Now that you have organized your priorities, let’s help you and your mind define a clear plan of action. This can not be accomplished with general statements or goals, such as “I want to be more organized.” Nothing wrong with the long-term goal, but in order to give you what you want, your mind needs to have clarity on what to focus your energy on. For example, let's say your home and your work space are disorganized, which is why you chose to focus on your work space first. Your goals should be clearly defined, such as “I want to organize my calendar of activities based on David Allen’s 31 day folder method by X date.” Leave no room for your mind -and you- to feel there isn’t a next step. Show your list to a friend, if they are confused so will your mind.
# 3 PLAN FOR SUCCESS
Now that you have created a clear plan of action with clearly defined, actionable goals, it’s time to look at the list again. Plan for success. By that, I mean look at your list and be realistic about what you have set yourself to accomplish. If your goals are too big, you might fail. Set yourself up for success, only take on what you know you can do, in the amount of time you set for yourself. Go through your list, again. Fine-tune it and show it to another friend. Share how you are going to accomplish your goals, with clearly defined steps. This will make you accountable to someone else, helping you to push yourself to complete your tasks, in order to reduce your anxious feelings.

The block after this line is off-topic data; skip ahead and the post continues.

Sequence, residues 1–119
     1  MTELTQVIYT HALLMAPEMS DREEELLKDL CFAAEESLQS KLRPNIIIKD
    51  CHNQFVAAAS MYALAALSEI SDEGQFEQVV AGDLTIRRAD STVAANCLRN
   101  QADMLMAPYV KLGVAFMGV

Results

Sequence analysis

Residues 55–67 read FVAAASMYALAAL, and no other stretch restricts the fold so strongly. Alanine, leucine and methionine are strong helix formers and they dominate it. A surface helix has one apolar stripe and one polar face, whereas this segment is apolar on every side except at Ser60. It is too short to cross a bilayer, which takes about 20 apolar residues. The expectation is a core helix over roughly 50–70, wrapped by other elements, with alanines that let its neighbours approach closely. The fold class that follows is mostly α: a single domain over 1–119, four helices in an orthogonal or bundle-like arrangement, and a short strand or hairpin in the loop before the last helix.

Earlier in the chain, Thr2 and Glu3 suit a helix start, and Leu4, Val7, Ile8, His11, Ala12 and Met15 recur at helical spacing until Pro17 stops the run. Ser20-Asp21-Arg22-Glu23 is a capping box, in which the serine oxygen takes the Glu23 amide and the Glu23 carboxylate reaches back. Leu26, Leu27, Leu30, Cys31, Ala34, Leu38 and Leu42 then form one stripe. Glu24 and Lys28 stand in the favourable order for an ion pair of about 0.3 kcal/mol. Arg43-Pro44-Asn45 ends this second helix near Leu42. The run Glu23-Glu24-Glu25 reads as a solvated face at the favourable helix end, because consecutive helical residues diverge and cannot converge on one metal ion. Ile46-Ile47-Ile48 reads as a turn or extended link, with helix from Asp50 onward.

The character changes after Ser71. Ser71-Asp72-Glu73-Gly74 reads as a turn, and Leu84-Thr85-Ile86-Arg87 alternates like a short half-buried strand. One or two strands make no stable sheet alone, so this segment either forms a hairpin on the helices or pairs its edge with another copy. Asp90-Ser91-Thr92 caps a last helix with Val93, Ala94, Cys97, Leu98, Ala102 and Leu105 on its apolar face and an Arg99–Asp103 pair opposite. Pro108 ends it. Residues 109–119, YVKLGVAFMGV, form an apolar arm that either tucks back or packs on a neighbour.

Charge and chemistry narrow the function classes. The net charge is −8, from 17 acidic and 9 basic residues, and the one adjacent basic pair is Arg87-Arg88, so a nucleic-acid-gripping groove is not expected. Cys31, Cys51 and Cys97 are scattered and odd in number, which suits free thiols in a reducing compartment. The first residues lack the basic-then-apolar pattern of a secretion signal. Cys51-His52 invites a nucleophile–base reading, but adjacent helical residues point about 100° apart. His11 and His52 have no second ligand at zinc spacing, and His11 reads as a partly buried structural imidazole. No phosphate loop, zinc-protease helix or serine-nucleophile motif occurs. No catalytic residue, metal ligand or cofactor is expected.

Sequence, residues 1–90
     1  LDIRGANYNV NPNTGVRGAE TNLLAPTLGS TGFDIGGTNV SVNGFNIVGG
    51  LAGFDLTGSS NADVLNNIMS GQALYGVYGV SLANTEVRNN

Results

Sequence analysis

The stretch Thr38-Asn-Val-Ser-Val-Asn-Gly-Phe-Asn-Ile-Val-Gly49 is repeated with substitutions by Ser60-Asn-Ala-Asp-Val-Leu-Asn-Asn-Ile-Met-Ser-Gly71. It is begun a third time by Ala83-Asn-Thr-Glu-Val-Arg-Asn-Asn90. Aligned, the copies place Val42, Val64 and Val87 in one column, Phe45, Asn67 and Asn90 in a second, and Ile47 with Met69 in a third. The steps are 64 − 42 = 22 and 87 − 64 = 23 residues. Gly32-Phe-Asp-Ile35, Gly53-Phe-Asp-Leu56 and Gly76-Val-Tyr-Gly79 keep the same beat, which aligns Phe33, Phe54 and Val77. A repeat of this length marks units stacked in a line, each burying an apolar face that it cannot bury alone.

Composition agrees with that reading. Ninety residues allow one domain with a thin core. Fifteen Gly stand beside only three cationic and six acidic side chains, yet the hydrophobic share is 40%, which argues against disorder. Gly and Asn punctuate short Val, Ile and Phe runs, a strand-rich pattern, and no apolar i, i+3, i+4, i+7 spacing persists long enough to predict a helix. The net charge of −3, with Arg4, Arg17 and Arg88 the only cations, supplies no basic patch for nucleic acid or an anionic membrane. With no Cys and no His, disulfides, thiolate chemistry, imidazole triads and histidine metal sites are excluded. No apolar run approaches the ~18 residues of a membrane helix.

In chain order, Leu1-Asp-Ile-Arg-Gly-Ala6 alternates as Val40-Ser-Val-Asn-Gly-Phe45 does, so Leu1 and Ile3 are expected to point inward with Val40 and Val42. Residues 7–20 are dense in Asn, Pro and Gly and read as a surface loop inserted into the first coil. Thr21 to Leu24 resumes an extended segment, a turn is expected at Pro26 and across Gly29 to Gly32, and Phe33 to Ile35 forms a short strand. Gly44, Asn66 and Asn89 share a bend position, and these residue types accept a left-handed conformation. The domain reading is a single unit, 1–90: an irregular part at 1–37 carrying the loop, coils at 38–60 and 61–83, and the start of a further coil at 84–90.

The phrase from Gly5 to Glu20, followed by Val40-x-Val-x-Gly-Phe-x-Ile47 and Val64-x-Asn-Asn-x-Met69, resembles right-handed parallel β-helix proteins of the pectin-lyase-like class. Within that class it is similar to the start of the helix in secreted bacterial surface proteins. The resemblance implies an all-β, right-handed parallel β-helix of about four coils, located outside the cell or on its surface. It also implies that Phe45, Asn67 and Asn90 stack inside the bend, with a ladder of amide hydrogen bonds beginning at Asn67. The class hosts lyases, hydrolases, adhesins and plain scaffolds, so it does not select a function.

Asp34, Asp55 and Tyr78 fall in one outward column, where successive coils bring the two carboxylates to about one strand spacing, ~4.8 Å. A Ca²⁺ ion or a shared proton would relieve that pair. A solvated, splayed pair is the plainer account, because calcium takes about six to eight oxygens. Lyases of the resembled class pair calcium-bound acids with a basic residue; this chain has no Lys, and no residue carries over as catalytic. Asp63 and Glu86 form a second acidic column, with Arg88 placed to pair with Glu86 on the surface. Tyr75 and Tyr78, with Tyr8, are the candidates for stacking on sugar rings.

# 4 THERE IS ALWAYS A PAYOFF
Once my clients are ready to have an insight into their symptoms, I ask them the following question: “What is the payoff for your symptom?” If there wasn’t a payoff, the symptom would not continue to exist. Think, what is there to gain by the existence of this symptom. What’s the benefit? Most people that suffer painful symptoms fight this concept. For example, a young client of mine had diarrhea at the most inconvenient times. After a date, one that she had been excited about, we discussed the details. It turns out this young lady had bought a dress for her new date, took two hours to get ready and was perfectly fine until after she ordered her meal. She went to the restroom, and had to stay there for about 40 minutes. She was embarrassed, not wanting to tell her date the reason she had stayed in the restroom for so long, cut the date short and asked to be taken home. In her session, we processed gains. We focused on what the diarrhea had prevented her from doing. She did not connect with this young man she was really attracted to. Her mother had recently passed away, and we concluded that she simply was not ready to want to open herself up to the possibility of loving someone and they leaving her, just like she felt her mother had. You see? No matter how many doctors, or medication, or techniques she would have applied, none of them would have solved the issue that her desire to avoid pain was stronger than her desire to connect with others. By identifying the pay off, avoiding pain, my client was able to take charge of this part of her life and only date when she felt ready. BTW, it took her almost two years to feel ready, but once she knew what the painful symptom of anxiety and diarrhea did for her, she consciously made choices that were in accordance with her values. The diarrhea never came back,
Good luck pursuing your goals!